Image: Actor Bill Cosby arrives for hearing at Montgomery County Courthouse in Norristown, Pennsylvania, U.S. February 2, 2016. REUTERS/Clem Murray/Pool
(Reuters) – Attorneys for Bill Cosby asked a Pennsylvania judge on Wednesday to throw out sexual assault charges filed against the comedian, saying he had not been given an opportunity to confront his accuser during pretrial proceedings.
The petition filed in Montgomery County, Pennsylvania seeks dismissal of all charges or at least a new preliminary hearing during which Cosby’s lawyers could cross-examine his accuser.
The charges stem from allegations levelled by Andrea Constand, who settled a civil case against Cosby for an undisclosed sum in 2006.
Cosby, 78, was charged last year with sexually assaulting Constand in January 2004 after plying her with drugs and alcohol.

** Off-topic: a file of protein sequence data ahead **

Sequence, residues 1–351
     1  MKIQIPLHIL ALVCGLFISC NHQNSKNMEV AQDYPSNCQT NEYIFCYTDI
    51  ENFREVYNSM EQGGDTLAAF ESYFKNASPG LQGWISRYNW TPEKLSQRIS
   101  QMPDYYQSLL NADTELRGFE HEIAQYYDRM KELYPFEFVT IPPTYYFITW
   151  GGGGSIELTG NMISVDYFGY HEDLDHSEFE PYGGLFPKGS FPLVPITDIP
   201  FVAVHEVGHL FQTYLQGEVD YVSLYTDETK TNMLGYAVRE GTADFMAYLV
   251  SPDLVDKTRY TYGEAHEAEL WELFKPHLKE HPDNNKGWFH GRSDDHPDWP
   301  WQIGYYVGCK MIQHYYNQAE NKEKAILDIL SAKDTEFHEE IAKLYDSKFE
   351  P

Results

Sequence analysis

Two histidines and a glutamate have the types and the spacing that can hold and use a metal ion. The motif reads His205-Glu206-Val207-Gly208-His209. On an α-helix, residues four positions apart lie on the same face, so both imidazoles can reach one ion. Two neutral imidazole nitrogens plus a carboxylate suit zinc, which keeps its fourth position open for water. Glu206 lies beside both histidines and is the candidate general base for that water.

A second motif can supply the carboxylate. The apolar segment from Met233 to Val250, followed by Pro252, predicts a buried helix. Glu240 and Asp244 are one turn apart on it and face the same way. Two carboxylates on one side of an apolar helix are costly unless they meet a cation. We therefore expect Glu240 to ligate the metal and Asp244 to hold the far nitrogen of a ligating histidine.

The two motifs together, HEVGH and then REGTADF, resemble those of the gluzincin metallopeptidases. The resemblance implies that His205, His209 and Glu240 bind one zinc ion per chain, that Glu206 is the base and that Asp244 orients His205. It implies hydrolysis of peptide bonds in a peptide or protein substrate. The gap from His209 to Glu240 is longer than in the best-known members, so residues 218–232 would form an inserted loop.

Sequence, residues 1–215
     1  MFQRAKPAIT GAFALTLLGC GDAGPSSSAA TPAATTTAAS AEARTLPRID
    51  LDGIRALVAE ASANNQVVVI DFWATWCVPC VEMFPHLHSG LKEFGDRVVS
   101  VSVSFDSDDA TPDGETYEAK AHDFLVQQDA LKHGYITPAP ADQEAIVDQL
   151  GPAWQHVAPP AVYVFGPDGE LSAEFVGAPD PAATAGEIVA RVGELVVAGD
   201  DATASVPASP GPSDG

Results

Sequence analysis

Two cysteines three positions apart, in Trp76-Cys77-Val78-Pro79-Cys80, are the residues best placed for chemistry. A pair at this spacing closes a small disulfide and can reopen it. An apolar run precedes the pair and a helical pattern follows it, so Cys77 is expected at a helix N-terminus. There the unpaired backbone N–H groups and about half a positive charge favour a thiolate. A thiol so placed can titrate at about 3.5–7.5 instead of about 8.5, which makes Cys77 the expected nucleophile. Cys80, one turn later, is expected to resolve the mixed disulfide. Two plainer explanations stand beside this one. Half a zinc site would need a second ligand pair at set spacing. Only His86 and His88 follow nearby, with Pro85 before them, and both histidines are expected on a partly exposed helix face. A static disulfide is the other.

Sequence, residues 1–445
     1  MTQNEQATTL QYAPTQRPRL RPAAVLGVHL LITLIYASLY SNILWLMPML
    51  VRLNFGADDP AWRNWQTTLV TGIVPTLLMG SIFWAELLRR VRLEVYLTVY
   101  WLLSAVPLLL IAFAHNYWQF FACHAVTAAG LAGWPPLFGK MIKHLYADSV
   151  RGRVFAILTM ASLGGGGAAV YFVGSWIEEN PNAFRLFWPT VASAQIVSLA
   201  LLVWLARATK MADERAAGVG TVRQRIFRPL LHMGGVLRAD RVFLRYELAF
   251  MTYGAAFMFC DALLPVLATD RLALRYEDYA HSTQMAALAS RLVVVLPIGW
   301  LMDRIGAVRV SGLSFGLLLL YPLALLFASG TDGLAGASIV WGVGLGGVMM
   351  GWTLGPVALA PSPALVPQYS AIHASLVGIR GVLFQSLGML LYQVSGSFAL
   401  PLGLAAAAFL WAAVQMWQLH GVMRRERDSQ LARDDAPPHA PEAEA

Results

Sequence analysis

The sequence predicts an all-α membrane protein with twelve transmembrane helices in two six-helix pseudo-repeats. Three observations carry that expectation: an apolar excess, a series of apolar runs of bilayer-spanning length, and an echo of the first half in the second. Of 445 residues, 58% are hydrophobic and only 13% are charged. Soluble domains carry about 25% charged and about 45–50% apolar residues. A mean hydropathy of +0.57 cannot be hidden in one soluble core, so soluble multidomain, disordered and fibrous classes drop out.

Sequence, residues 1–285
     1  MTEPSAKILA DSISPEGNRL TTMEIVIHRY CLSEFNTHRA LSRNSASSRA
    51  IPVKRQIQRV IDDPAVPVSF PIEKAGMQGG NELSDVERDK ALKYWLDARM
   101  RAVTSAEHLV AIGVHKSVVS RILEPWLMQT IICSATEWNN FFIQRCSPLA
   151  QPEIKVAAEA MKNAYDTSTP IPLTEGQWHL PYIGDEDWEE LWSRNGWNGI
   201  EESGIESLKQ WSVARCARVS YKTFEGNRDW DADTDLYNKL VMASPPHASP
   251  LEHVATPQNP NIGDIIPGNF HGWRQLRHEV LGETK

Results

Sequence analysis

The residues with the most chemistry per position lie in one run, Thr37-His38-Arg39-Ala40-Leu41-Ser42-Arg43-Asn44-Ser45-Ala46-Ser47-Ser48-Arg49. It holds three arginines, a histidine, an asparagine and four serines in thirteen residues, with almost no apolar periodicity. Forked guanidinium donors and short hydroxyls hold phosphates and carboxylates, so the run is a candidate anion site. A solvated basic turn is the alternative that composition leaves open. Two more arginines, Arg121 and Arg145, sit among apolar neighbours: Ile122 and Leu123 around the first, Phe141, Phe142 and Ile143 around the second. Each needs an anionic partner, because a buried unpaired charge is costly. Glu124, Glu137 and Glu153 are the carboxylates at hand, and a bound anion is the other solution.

“The Commonwealth’s reliance solely upon hearsay evidence to establish the elements of the charged offence, without providing Mr. Cosby an opportunity to confront and cross-examine his accuser, violated Mr. Cosby’s confrontation and due process rights,” his legal team said in a statement.
The Montgomery County District Attorney’s Office could not be reached for comment on Wednesday evening.
Cosby, who personified the model American family man in his television hit “The Cosby Show,” asked earlier this year for the charges to be dismissed, arguing that prosecutors had violated terms under which he gave a deposition in the civil lawsuit.
Judge Elizabeth McHugh rejected that request in May and ordered Cosby to stand trial.
Filed days before the statute of limitations was to expire, these are the only criminal charges Cosby faces after more than 50 women accused him of sexual assault.
Prosecutors have said that Constand, a former basketball coach at Temple University, Cosby’s alma mater, was a guest at Cosby’s home in Cheltenham near Philadelphia when he gave her wine and urged her to take three pills.
They have said that Constand became incapacitated and that Cosby sexually assaulted her.
(Reporting by Curtis Skinner in San Francisco; Editing by Peter Cooney)
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